Study: Conservative Protestants’ divorce rates spread to their red state neighbors

Study: Conservative Protestants’ divorce rates spread to their red state neighbors

(Link): Red States, Blue States, and Divorce: Understanding the Impact of Conservative Protestantism on Regional Variation in Divorce Rates

(Link): Study: Conservative Protestants’ divorce rates spread to their red state neighbors

    Jan 22, 2014 by Sarah Pulliam Bailey
    c. 2014 Religion News Service

    (RNS) Conservative Protestants in red states aren’t the only ones seeing high divorce rates — so are their neighbors, according to a new study.

    Researchers found that simply living in an area with a large concentration of conservative Protestants increases the chances of divorce, even for those who are not themselves conservative Protestants.

    According to researchers who took into account race, income and other factors, marriage and fertility trends that are common among conservative Protestants — younger marriage, more kids, less higher education — affect all people in areas most populated by conservative Protestants, no matter their personal religious affiliation.

    “Conservative Protestant community norms and the institutions they create seem to increase divorce risk,” researchers say in the study. For example, those who are struggling in their marriage may feel discouraged to find help in communities where marriage is idealized or marital failure is viewed as shameful, the researchers suggest.

    “Generally, religion, religious belief and religious activities are thought to strengthen marriages,” said co-author Jennifer Glass a sociology professor at the University of Texas at Austin. “It appears that the cessation of education, early marriage and early parenthood, you’re set up for relationship conflict, financial stress and dissolution.”

    The study, titled “Red States, Blue States, and Divorce: Understanding the Impact of Conservative Protestantism on Regional Variation in Divorce Rates” in the American Journal of Sociology, analyzed county divorce statistics and information from a study of religious congregations, divorce statistics, information on the religious breakdown of local areas and a national survey.

    … In his own research, Stokes found that conservative Protestants who attend church regularly are significantly less likely to have gotten divorced than nonreligious peers.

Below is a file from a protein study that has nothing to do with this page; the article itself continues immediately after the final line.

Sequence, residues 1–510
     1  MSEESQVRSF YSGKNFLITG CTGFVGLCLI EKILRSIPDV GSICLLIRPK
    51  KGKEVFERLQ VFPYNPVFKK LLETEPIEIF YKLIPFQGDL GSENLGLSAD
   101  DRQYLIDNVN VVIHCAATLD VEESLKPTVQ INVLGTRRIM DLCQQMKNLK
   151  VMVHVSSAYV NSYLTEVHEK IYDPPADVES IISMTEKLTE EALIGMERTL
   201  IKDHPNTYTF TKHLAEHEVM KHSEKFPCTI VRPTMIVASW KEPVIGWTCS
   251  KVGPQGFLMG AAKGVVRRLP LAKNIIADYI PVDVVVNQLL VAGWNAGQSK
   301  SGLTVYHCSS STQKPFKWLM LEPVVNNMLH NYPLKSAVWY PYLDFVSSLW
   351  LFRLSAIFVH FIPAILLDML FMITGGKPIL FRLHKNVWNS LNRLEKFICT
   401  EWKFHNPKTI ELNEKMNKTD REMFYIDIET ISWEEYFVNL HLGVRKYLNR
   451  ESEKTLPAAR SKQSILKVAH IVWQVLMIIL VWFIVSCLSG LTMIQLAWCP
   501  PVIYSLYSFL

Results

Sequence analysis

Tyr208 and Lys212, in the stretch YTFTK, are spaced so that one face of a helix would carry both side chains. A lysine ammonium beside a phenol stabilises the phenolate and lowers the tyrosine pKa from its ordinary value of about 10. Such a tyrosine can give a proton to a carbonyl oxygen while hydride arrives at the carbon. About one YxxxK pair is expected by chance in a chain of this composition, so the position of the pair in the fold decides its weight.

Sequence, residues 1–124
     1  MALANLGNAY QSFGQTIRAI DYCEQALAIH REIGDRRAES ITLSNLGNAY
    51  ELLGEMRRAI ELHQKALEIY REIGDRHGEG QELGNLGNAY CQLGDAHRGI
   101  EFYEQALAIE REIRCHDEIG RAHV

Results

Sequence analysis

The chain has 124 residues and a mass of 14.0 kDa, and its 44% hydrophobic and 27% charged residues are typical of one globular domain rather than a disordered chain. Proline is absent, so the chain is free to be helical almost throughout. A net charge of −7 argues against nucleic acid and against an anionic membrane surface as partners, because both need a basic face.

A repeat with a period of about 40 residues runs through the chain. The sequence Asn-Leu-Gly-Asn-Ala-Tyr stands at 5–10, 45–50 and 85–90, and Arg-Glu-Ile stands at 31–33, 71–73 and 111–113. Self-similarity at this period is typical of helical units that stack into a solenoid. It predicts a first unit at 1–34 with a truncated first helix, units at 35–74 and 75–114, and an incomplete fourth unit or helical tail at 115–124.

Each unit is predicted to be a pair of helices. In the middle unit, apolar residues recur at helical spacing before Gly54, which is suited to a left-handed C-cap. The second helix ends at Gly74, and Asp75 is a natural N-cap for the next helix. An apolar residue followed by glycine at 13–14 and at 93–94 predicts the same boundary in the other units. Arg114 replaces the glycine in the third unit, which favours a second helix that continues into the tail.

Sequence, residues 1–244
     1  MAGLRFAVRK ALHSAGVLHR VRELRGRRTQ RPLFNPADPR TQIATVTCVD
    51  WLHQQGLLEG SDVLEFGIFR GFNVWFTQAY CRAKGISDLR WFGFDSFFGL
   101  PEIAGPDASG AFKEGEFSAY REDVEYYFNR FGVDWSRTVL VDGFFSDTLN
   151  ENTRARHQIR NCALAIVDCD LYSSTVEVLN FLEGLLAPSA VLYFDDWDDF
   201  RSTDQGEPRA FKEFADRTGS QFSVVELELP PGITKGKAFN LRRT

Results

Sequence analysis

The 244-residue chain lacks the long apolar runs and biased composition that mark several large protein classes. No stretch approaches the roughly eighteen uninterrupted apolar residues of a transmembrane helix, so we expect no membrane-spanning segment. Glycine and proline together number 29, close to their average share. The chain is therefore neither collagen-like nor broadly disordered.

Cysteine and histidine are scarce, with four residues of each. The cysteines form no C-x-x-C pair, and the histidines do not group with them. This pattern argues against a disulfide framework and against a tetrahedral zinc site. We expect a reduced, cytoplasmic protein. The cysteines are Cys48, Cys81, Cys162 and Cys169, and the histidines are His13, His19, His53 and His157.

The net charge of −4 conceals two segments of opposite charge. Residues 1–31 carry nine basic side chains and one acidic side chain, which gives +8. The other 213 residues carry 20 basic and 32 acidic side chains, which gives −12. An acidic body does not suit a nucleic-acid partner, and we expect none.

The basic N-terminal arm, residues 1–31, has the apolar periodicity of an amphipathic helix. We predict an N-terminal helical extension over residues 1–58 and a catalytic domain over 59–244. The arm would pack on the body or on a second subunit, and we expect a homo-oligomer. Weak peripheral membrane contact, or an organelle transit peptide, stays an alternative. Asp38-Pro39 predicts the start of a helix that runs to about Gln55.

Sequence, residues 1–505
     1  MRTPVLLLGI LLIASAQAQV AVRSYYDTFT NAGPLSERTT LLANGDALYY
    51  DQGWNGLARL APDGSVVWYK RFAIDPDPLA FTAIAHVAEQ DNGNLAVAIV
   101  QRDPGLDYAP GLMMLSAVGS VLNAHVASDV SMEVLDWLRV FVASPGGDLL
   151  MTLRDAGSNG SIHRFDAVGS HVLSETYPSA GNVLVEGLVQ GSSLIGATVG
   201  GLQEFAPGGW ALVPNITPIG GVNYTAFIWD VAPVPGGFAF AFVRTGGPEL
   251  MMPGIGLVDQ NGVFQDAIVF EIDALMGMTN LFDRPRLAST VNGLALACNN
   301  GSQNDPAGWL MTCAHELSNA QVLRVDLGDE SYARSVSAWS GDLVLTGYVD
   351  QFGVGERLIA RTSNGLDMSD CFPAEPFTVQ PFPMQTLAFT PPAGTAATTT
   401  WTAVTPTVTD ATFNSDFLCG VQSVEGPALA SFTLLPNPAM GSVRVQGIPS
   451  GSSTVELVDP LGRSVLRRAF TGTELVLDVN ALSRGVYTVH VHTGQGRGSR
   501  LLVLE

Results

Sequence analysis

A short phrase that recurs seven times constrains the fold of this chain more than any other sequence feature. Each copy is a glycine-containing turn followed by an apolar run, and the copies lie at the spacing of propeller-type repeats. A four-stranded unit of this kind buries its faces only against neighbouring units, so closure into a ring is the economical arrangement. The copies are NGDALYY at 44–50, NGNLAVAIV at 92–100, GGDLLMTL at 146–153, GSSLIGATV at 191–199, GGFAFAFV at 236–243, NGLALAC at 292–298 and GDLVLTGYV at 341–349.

“The pattern that pops out in this data is that when you look at those who attend church weekly, their divorce rates are the same as other high-attending Christians,” Stokes said. “Nominal Christians are probably getting the community norms but aren’t in a social structure to live the norms out.”

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(Link): ‘Red’ States Have Higher Divorce Rates Than ‘Blue’ States, And Here’s Why

Excerpt:

    Posted: 01/21/2014 6:20 pm EST

    It may seem counterintuitive, but divorce rates are higher in religiously conservative “red” states than “blue” states, despite a Bible-based culture that discourages divorce.

    In a new study titled “Red States, Blue States, and Divorce: Understanding the Impact of Conservative Protestantism on Regional Variation in Divorce Rates,” which will be published later this month in the American Journal of Sociology, demographer and University of Texas at Austin professor Jennifer Glass set out to discover why divorce rates would be higher in religious states like Arkansas and Alabama — which boast the second and third highest divorce rates, respectively — but lower in more liberal states like New Jersey and Massachusetts.

    It was previously thought that socioeconomic hardships in the South were largely to blame for high divorce rates, however Glass and her fellow researchers concluded that the conservative religious culture is in fact a major contributing factor thanks to “the social institutions they create” that “decrease marital stability.”

    Specifically, putting pressure on young people to marry sooner, frowning upon cohabitation before marriage, teaching abstinence-only sex education and making access to resources like emergency contraception more difficult all result in earlier childbearing ages and less-solid marriages from the get-go, Glass writes in the paper.

    “It’s surprising,” W. Bradford Wilcox, director of the National Marriage Project, told The Los Angeles Times. “In some contexts in America today, religion is a buffer against divorce. But in the conservative Protestant context, this paper is showing us that it’s not.”

    Glass and her colleagues also concluded that the religious culture of the area permeated into the divorce rates of even the non-religious people who lived there.

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